The benefits of forest bathing have been well-documented. Since 2004, studies by the Forest Therapy Study Group, an organization of Japanese government agencies and academic institutions, found the following benefits associated with just two hours of forest bathing:
- Increased and better-quality sleep
- Less anxiety and better moods
- Decreased anger
- Boosted immune system and improved heart health
- Improved concentration and memory
Cognitive Benefits of Forest Bathing
Adopt the pace of nature, her secret is patience.
– Ralph Waldo Emerson
Researchers studying the health impacts of all types of nature have also identified a number of benefits to the human brain, including:
- Improvements in executive functioning skills such as paying attention, completing tasks, planning and prioritizing and managing emotions.
- Improvements in physiology (lower cortisol levels, lower pulse rates, lower blood pressure) and increased activity in the parasympathetic nerve activity, which is also known as the “rest and digest” system, after just 15 minutes of walking in nature.
- Marked decreased in both rumination (overthinking and stewing on negative thoughts) and lowered activity in the subgenual prefrontal cortex, the part of the brain that tends to be active during sadness and depression, after 90 minutes in nature.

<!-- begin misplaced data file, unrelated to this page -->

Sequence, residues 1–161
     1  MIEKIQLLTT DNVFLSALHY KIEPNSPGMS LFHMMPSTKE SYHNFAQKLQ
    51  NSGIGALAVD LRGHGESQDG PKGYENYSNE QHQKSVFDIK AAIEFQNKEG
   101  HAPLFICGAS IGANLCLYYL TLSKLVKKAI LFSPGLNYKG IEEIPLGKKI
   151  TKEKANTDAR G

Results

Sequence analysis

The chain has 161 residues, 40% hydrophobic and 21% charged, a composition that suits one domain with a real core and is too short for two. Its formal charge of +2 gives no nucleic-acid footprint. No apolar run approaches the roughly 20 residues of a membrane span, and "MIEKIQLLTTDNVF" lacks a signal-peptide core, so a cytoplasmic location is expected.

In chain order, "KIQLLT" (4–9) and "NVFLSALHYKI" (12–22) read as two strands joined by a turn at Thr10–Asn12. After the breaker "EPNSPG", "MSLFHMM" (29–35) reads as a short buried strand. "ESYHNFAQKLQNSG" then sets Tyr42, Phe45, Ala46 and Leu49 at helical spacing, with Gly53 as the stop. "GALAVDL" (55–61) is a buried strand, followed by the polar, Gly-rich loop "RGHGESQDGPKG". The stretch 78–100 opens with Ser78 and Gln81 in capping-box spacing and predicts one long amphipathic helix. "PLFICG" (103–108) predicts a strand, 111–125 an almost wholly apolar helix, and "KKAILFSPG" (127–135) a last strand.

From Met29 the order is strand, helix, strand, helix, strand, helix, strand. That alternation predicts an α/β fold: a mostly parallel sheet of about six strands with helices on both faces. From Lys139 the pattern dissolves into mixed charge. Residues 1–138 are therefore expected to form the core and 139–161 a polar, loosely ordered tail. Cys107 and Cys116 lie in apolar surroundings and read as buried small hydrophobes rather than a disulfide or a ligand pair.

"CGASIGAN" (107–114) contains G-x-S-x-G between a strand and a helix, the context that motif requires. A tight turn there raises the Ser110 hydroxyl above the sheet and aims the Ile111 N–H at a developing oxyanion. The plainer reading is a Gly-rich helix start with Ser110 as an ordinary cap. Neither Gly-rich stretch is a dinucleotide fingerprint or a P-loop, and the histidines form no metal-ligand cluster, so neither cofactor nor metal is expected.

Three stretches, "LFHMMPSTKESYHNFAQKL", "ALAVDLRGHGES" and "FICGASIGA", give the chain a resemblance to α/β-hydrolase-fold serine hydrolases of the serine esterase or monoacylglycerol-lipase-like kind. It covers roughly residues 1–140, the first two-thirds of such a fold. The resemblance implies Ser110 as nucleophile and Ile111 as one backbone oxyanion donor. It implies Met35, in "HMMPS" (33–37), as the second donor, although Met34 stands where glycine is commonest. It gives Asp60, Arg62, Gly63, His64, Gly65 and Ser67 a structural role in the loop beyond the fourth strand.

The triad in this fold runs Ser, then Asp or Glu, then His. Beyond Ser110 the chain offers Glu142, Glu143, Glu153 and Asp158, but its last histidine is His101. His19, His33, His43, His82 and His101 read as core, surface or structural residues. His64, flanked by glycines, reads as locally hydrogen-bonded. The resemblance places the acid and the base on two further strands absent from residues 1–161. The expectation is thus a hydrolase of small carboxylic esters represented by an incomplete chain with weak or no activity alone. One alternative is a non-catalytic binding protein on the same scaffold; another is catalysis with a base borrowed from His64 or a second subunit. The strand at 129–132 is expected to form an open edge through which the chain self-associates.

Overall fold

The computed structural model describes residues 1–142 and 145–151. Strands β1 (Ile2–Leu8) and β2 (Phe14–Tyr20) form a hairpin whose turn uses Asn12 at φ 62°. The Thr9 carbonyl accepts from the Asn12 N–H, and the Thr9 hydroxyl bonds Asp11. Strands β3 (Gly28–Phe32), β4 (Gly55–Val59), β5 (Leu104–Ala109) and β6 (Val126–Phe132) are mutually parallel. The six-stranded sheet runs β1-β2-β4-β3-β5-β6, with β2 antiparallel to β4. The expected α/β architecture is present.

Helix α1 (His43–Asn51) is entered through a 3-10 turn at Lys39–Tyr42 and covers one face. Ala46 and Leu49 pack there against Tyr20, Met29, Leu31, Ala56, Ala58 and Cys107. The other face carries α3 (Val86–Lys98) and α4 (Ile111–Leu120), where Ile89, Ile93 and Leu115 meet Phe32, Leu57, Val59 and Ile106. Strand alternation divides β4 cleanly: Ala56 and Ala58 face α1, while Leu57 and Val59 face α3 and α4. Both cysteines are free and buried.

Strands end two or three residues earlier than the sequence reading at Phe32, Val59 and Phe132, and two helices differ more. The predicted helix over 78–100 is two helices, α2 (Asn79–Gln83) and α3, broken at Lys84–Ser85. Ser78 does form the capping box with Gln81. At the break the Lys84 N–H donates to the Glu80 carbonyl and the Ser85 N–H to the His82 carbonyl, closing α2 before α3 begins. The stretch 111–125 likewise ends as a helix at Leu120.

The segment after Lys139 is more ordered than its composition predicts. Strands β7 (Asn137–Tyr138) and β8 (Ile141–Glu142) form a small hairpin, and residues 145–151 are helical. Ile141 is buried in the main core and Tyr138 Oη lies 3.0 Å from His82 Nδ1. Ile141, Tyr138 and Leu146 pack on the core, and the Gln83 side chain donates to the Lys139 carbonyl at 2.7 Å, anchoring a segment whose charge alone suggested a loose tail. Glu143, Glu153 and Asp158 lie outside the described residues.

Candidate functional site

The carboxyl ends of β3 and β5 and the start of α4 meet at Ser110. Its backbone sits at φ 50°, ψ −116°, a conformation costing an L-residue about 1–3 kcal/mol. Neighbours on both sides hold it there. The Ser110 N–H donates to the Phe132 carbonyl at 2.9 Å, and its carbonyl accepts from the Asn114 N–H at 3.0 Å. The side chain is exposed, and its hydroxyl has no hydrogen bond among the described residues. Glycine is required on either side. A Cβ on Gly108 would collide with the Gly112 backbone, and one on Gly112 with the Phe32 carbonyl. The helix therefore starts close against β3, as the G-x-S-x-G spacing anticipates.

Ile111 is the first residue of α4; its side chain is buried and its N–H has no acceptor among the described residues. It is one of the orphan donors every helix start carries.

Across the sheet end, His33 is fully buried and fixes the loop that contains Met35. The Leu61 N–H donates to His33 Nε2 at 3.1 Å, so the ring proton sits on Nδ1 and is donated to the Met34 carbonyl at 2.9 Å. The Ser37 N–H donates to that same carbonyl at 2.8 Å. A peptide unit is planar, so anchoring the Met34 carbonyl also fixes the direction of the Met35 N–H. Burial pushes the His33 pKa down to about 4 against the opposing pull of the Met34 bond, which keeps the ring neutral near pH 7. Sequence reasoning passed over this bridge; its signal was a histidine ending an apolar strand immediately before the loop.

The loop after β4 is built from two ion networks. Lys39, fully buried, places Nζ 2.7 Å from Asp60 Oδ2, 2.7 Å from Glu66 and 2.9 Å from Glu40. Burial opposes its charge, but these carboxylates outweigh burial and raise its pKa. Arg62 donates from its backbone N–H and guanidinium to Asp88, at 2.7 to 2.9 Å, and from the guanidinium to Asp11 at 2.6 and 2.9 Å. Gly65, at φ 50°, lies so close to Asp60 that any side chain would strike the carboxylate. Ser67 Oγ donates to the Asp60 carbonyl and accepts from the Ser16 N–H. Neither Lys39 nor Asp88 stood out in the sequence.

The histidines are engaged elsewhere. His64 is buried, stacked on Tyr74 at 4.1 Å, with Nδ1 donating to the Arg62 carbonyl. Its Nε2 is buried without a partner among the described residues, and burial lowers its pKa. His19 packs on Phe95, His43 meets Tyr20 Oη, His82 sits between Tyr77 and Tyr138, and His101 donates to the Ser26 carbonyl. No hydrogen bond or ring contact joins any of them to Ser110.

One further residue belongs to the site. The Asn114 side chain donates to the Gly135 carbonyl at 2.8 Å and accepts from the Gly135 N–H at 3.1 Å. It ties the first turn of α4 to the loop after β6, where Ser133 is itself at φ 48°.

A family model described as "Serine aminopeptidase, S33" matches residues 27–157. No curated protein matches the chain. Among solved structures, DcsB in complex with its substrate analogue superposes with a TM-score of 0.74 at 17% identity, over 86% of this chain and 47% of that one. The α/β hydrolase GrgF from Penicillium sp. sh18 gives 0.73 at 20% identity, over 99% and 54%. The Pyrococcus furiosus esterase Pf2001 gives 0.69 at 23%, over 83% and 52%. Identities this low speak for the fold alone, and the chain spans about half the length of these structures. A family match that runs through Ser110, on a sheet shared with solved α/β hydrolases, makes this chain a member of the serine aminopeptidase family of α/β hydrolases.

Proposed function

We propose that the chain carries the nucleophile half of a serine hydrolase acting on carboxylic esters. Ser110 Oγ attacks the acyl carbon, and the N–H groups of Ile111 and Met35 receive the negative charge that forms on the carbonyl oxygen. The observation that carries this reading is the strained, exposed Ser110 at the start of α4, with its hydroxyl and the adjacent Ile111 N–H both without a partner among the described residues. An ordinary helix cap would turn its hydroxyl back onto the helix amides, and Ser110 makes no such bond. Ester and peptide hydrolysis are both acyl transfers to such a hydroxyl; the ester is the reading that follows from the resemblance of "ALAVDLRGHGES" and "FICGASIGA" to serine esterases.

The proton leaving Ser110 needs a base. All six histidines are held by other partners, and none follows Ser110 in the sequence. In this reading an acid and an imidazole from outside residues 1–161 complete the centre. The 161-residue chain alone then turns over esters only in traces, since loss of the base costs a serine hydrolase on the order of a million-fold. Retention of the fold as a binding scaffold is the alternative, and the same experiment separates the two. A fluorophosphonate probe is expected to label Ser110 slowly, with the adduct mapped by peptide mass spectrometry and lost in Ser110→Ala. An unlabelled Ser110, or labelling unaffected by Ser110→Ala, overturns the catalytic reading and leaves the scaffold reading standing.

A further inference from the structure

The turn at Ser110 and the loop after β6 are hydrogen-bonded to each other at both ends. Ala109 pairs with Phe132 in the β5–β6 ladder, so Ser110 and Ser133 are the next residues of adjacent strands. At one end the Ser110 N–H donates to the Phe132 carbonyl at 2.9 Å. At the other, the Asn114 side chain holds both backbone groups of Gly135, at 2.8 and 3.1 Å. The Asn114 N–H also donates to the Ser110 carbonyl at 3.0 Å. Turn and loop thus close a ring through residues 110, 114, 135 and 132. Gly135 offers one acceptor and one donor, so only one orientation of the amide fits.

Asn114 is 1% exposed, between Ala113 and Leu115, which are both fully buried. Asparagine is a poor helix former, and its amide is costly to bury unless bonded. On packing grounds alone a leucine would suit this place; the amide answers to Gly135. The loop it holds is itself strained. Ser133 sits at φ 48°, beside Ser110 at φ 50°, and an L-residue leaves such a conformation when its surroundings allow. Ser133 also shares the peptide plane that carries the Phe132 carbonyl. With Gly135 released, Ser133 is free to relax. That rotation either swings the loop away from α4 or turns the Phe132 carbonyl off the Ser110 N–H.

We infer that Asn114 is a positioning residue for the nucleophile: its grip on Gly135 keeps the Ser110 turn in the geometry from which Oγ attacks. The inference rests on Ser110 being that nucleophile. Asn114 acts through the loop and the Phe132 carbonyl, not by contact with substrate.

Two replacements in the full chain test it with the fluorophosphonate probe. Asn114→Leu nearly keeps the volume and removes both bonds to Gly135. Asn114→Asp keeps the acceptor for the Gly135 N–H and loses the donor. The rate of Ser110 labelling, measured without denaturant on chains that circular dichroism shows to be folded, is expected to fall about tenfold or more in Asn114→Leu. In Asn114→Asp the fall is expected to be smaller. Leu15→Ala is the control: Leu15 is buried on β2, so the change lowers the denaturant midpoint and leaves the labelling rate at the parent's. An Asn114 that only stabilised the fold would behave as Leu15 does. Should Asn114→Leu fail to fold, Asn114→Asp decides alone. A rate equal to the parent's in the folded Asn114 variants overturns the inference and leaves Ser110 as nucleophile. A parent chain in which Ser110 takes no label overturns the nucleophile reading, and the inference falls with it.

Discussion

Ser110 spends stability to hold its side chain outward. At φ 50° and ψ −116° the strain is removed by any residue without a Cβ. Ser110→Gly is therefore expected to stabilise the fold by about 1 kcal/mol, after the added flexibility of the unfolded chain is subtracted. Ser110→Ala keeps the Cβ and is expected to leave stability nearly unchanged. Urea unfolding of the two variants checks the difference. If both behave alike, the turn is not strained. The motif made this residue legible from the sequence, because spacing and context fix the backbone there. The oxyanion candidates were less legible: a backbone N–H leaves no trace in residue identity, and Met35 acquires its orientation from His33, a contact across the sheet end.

- Improvements in short-term memory and mood after 50 minutes in nature.
How can you enjoy the benefits of forest bathing if it’s your first time?
- Identify a forested area and plan to give yourself at least two hours there.
- Contrary to what the name suggests, forest bathing is done with clothing on! Do wear hiking or walking shoes, a cap or hat to protect you from weather or bugs, bug spray and outdoor wear that is loose-fitting and comfortable.
- Leave your electronics, e.g., cell phone, and camera at home or in the car.
- Experience your surroundings at a leisurely place, taking in the forest through your five senses by tasting, touching, smelling, listening and observing. Notice the different colors and shades of leaves that you encounter. Take some slow deep breaths to center yourself as you begin. Touch a tree or a stone, and notice the different textures. Listen for different types of sounds, such as birdsong or the wind in the treetops. Imagine that you can taste the air. Feel its qualities on your skin.
- Find a spot to sit for a few minutes, perhaps on a tree stump or a rock or soft meadow, to take in some deep breaths or meditate.
What if you don’t have two hours to spend in the forest?
Here are some ways you can still reap the benefits of nature if you have less time or don’t have access to forests:
- Sit in a nearby park and watch the nature around you, tuning into the life that surrounds you, such as birds flying by or trees rustling in the breeze.
- Bring plants and flowers in to your environment and literally smell the roses.
- Go for a walk at a nearby arboretum or find gardens where you can go for a leisurely stroll.
- Record the sounds of nature, e.g., rain, leaves rustling or bird calls, and listen for a few minutes.
Forests have been around for about 380 million years. If we open our senses to them, they have much to offer and teach us about resilience, longevity and connection with ourselves and the world around us.